Shiftwork - health effects

There is increasing evidence becoming available that shiftwork can lead to very serious consequences. Night work and shiftwork have been linked to serious conditions from cancer to heart disease. Fatigue can be deadly. The hours we work are a crucial health and safety issue.

In the UK summer of 2009, the TUC'sHazards Magazinedid aspecial report on Shiftwork:While you were sleeping. The report begins:

Shiftwork and work at night has been linked to a wide range of health problems, including breast cancer (1), prostate cancer (2), non-Hodgkin’s lymphoma (3), heightened accident risk (4), heart disease risk factors (5) and pregnancy problems (6). There is emerging evidence that these health effects combined make shiftworkers, particularly women shiftworkers, far more likely to take early ill-health retirement (7).

The report provides a great background on what are non-typical hours, how shiftwork affects the body, the evidence of links between shiftwork and breast cancer, and heart disease, and reproductive health. It provides some advice on what to do at the workplace, facts and fiction around shiftwork and an "action plan" for reps. In addition, all the information is referenced.


1. Sarah Megdala and others. Night work and breast cancer risk: A systematic review and meta-analysis, European Journal of Cancer, volume 41, issue 13, pages 2023-2032, 2005.

2. Tatsuhiko Kubo and others. Prospective cohort study of the risk of prostate cancer among rotating-shift workers: Findings from the Japan Collaborative Cohort Study, American Journal of Epidemiology, volume 164, pages 549-555, 2006.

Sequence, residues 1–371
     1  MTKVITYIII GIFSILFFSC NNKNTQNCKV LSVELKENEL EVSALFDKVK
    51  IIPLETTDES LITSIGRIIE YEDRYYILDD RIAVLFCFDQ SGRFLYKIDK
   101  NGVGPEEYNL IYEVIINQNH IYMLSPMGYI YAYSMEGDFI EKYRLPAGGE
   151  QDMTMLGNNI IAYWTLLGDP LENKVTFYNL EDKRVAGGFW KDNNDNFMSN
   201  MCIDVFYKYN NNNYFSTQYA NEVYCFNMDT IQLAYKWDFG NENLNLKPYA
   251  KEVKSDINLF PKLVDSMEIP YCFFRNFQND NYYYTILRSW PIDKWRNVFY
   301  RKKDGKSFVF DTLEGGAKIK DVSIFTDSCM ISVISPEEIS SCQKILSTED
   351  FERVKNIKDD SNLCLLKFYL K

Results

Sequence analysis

3. T Lahti and others. Night-time work predisposes to non-Hodgkin lymphoma, International Journal of Cancer, volume 123, pages 2148–2151, 2008.

4. Kenneth N Fortson. The diurnal pattern of on-the-job injuries, Monthly Labor Review, pages 18-25, September 2004 [pdf].

5. Y Fujino and others. A prospective cohort study of shift work and risk of ischemic heart disease in Japanese male workers, American Journal of Epidemiology, volume 164, pages 128-135, 2006.

6. Lisa A Pompeii others. Physical exertion at work and the risk of preterm delivery and small-for-gestational-age birth, Obstetrics & Gynaecology, volume 106, pages 1279-1288, 2005 [abstract or pdf].

7. Finn Tüchsen, Karl Bang Christensen, Thomas Lund, and Helene Feveile. A 15 year prospective study of shift work and disability pension, Occupational and Environmental Medicine, volume 65, pages 283–285, 2008.

September, 2010 
The Canadian Institute for Work and Health, an independent not-for-profit organisation whose mission is to conduct and share OHS research, has published an issues briefingon the impact of shiftwork on health. The research has noted some concerns involved with shiftwork.

The key messages from the research are:

  • People who work night shifts are likely to have shorter sleep duration and/or poorer sleep quality than regular day workers.
  • Long-term exposure to night shift work may elevate the risk of breast cancer. There are also findings pointing to an elevated risk of colorectal cancer.
  • Some studies indicate an elevated risk of preterm delivery, gastrointestinal disorders and mental health problems among shiftworkers.
  • Research findings regarding a causal link between shiftwork and heart disease are inconsistent.
  • Shiftworkers, especially those working at night, face a higher risk of workplace injury than regular day workers.
  • Promising approaches to mitigate the adverse effects of shiftwork include restricting successive evening or night.
  • Shifts to three shifts, limiting weekend work, moving from backward to forward shift rotation and using a participatory approach to the design of shift schedules.
  • More research is needed to resolve some of the questions regarding the health effects of shift work, and to investigate the impact of interventions designed to mitigate the adverse consequences of shiftwork on health.